Direct provision is wrong, but it does not justify racism

Dunnes Stores AA plaqueBrendan Ogle: On Saturday,  I was to speak at the 35th Anniversary of a stellar event when we Irish stood up against racism. It was when eleven young Dunnes Stores workers in Dublin refused to handle South African goods to highlight the then system of apartheid in that country. They ended up being on strike for two years and nine months, gaining both national and international attention for this great cause. Nelson Mandela praised the workers for their actions stating that their action, in far-away Ireland, kept him going through many of his difficult days in prison. The workers won their strike, eventually forcing the Irish government to ban all South African produce from entering Ireland. What an achievement it was.

As I considered these events on Thursday a debate was taking place on RTE radio’s ‘Liveline’ about race. Some of those taking part were at pains to describe it as being about something else – direct provision – but it was about race alright. We were told that the Government wanted to move twelve (that’s 12, not 12,000) asylum seekers or refugees to Achill, temporarily, and the island had awakened from its autumnal slumber. There was ‘a vigil’ at 2:30 in the afternoon. We Irish love our vigils. The candles at this one would want to be made of good stuff though, because the point of this vigil was ‘to get information’ about the plans to house the twelve needy people. We were told that there were ‘no amenities’ by a few of the people who live there, presumably with amenities. Some also made the point that in the original proposal that among the twelve there would be ‘too many men’, but nobody made the case for what particular bit of ‘men’ might be an issue.

To be fair Joe Duffy was having none of it. He questioned the right of the callers to make these decisions for other vulnerable and needy people, he asked the Irish migrant caller who had moved to Achill from Dublin years ago why other people couldn’t migrate too, and he wanted to know how – if the nearest hospital being off in Castlebar wasn’t a problem for Achill residents before now – it would it be a problem for another twelve new ones. Finally, he asked a man fulminating about the evils of direct provision had he ever protested about direct provision before now? Guess what? He hadn’t. The rest of the answers were just as unconvincing and spoke to thin end of the wedge racism.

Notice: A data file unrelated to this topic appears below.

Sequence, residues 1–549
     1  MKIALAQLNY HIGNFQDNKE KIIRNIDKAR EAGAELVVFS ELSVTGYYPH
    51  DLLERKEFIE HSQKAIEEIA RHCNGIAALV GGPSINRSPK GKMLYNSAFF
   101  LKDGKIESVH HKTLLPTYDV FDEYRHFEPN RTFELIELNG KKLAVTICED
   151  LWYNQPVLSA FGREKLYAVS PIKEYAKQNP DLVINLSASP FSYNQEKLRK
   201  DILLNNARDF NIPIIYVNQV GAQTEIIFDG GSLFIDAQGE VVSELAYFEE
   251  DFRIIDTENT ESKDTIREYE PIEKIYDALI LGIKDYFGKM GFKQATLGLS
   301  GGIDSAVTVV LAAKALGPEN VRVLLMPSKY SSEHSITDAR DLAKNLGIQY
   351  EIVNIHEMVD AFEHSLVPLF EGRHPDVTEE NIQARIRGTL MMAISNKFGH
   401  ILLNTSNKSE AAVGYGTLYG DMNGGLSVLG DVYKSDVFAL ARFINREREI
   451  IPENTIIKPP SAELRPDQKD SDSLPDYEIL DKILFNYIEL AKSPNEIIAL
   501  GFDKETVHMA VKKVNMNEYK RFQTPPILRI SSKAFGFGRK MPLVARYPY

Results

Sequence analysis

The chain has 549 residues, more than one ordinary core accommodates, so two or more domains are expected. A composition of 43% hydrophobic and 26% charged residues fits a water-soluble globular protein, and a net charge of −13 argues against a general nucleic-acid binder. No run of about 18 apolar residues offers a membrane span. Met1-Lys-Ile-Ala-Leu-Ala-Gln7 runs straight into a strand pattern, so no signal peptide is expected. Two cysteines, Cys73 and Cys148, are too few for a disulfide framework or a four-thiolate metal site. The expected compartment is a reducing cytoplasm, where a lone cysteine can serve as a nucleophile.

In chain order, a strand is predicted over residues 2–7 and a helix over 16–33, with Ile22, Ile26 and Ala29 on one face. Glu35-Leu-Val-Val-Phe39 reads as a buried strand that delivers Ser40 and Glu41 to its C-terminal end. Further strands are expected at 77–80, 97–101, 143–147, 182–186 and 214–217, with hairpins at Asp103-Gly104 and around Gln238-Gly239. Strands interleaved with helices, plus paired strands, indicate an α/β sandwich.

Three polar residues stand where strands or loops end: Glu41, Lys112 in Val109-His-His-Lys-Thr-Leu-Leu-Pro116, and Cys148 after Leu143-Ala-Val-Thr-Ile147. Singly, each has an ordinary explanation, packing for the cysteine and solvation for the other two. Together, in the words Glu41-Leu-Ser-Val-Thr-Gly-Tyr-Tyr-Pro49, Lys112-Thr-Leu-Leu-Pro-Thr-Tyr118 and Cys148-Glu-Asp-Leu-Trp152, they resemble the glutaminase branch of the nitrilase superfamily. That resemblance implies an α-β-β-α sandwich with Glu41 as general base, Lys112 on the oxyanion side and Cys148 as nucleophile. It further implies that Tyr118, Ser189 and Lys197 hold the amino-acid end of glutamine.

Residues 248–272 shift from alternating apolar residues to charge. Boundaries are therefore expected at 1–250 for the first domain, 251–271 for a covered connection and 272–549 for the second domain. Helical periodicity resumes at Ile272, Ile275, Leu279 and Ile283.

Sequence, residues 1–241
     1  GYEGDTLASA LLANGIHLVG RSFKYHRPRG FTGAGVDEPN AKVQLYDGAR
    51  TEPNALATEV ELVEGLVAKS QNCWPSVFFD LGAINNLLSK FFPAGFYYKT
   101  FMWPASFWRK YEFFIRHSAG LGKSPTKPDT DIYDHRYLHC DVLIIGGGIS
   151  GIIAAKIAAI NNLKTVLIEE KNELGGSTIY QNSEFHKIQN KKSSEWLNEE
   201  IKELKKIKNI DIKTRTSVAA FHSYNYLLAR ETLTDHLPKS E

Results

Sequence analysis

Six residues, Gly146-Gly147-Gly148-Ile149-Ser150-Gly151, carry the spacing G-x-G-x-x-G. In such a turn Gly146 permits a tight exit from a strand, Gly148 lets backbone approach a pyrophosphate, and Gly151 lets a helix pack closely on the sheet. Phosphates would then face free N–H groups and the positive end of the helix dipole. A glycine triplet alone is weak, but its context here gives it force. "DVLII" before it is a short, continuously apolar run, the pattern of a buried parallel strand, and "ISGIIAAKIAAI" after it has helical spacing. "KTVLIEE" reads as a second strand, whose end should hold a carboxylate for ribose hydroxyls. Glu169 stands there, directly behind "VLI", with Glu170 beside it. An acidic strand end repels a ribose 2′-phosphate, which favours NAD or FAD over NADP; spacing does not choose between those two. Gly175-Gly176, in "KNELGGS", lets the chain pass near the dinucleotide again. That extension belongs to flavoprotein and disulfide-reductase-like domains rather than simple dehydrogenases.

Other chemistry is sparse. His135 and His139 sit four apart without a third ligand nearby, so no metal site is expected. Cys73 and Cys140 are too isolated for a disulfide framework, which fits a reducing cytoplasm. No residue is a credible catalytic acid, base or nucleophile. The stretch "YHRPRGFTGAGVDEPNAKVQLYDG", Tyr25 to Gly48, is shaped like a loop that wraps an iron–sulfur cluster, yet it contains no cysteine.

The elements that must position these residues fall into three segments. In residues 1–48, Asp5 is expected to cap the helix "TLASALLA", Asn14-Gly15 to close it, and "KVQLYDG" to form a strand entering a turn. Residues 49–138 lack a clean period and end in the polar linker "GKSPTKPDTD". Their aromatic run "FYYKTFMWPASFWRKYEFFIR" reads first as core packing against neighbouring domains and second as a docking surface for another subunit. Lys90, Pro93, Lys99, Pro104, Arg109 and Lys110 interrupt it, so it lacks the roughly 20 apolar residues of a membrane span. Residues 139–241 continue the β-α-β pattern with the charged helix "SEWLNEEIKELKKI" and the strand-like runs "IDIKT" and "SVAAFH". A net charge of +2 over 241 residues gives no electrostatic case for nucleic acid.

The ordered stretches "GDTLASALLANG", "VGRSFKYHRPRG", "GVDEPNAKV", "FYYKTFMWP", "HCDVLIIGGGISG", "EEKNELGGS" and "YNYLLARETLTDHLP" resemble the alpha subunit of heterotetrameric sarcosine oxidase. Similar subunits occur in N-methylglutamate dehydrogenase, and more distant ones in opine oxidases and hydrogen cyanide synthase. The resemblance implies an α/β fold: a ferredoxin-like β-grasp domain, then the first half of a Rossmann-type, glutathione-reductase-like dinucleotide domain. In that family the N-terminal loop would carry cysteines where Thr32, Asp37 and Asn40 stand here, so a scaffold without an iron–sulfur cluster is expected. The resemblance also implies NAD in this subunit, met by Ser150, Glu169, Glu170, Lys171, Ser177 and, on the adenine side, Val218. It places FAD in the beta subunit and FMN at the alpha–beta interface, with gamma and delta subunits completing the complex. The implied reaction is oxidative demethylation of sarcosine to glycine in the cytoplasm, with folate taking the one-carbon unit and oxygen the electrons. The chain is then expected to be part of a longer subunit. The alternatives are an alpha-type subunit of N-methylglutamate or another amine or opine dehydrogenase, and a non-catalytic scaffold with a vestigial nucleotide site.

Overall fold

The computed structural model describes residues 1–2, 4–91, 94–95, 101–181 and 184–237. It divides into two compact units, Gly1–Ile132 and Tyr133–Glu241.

That evening I heard that the Government had abandoned their plans for the twelve to move to lovely Achill. I was glad for them. It sounds like they have had a lucky escape.

Asylum seekers and refugees are housed in direct provision while waiting, usually many years, for their full asylum cases to be heard. Direct provision was initially introduced as an emergency measure in 1999. As of March 2019, adults in direct provision receive €38.80 per week. Some centres have cooking facilities but the majority have canteen style eating halls. Children are everywhere and many child asylum seekers have arrived here in Ireland alone. Just think about that for a second.